How much do train drivers earn? Strike chaos planned over pay


A major walkout of train staff across the UK travel network is scheduled to go ahead later this month. More than 50,000 rail staff are expected to walk out on June 21, June 23, and June 25 in the biggest industrial action for more than three decades.

The Rail, Maritime and Transport (RMT) union members will “shut down the rail system” across 13 rail companies in England, Scotland and Wales in June, causing mayhem for millions of summer plans.

It is not known exactly how many services will be cancelled, or if trains will only be running for part of the day just yet, as the strikes may not go ahead if an agreement can be made between the RMT and rail companies.

However, it is currently predicted that fewer than one in five trains could run, with services potentially restricted to between 7am and 7pm, and only on main lines.

Talks between Network Rail (NR) and the union are expected to be held in the next few days, sources told the PA news agency.

READ MORE: ‘Shut down!’ No 10 condemns selfish UK rail strikes- are you affected?

How much do train drivers earn?

The salary for a train driver depends on which company they work for but according to Glassdoor, the average pay for a train driver is £54,000 per year.

This equates to around £3,334 per month after Income Tax and National Insurance.

However, drivers can record anywhere between an average of £39,000 per year or as high as £75,000 in some rare instances.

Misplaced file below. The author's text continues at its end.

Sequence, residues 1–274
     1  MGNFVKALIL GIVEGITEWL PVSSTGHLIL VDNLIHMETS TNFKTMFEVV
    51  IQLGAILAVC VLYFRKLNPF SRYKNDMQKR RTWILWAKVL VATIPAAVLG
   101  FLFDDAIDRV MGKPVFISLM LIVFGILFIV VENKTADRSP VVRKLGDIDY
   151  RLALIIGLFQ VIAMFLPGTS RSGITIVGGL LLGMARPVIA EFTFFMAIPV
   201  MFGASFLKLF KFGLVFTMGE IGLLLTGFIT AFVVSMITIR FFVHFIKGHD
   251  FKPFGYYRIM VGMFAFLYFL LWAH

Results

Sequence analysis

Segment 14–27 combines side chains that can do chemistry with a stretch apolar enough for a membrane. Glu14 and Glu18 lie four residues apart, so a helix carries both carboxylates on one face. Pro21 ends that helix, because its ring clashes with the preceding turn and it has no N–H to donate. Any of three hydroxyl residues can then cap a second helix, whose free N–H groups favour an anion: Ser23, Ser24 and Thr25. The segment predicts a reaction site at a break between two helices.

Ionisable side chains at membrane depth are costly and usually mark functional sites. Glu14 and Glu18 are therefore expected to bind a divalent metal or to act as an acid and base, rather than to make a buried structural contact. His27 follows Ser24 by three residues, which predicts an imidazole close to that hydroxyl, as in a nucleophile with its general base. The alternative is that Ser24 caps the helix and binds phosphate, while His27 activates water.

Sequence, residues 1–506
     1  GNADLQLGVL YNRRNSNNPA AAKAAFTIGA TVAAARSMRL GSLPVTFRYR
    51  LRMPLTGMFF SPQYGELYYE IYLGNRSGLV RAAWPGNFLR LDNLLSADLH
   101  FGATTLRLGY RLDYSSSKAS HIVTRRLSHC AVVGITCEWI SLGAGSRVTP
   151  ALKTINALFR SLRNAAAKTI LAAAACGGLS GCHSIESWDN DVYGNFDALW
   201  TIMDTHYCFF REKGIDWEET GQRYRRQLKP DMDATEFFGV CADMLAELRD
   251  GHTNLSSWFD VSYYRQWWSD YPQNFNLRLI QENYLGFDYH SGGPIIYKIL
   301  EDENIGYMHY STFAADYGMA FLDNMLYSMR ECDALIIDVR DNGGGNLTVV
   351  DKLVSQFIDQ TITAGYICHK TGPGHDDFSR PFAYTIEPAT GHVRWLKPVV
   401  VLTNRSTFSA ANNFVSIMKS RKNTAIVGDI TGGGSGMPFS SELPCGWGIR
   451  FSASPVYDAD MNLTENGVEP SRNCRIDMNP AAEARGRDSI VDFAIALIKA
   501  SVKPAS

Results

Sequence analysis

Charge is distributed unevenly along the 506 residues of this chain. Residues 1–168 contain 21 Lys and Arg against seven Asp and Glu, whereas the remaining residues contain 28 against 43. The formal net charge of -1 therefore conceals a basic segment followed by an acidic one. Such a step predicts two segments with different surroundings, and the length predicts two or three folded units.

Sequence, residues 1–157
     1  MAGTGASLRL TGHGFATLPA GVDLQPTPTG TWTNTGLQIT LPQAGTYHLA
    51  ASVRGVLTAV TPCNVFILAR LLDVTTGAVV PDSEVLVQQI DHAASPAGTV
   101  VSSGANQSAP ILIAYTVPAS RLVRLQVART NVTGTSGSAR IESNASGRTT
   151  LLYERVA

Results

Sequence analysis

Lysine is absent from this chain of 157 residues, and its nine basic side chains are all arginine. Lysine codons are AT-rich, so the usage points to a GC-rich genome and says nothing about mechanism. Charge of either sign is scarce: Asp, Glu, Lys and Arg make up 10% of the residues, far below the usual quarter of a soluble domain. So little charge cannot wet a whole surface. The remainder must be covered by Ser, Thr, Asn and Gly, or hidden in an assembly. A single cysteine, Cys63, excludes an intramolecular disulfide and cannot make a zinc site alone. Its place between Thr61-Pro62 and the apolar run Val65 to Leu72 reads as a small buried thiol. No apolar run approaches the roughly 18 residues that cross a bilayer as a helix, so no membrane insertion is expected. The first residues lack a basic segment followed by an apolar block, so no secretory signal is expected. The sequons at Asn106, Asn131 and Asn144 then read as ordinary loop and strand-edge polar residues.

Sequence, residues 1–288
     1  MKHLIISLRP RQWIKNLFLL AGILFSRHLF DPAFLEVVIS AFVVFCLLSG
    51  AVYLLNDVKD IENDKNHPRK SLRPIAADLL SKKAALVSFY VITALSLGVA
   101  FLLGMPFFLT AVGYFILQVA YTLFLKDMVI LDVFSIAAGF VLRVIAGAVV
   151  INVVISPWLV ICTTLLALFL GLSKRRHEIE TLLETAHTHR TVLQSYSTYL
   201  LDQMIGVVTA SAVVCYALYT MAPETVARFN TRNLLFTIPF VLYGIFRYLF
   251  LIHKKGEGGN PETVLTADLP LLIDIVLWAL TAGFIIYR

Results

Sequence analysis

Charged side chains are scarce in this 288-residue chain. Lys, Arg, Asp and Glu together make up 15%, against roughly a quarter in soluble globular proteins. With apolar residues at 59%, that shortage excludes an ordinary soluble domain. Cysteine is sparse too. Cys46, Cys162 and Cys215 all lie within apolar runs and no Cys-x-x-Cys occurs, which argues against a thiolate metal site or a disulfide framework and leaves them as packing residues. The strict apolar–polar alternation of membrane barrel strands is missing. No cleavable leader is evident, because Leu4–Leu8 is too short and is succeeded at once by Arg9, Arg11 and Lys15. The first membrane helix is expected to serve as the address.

Why are train drivers striking?

The strikes in June are not just for train drivers, but staff across Britain’s rail network that are part of the RMT union.

A dispute over job cuts is the main reason for the strike, but staff have also raised concerns over railway staff who worked throughout the pandemic are facing pay freezes and attacks on their employment conditions.

RMT general secretary Mick Lynch said: “Railway workers have been treated appallingly and, despite our best efforts in negotiations, the rail industry, with the support of the Government, has failed to take their concerns seriously.

“We have a cost-of-living crisis, and it is unacceptable for railway workers to either lose their jobs or face another year of a pay freeze when inflation is at 11.1 percent and rising.

“Our union will now embark on a sustained campaign of industrial action which will shut down the railway system.”

The strikes will coincide with two crucial by-elections as well as events such as Glastonbury Festival and concerts in Hyde Park featuring the likes of Sir Elton John and the Rolling Stones.

There will also be a Commonwealth Heads of Government meeting in London on June 24 and 25 and it is Armed Forces Day on June 25.


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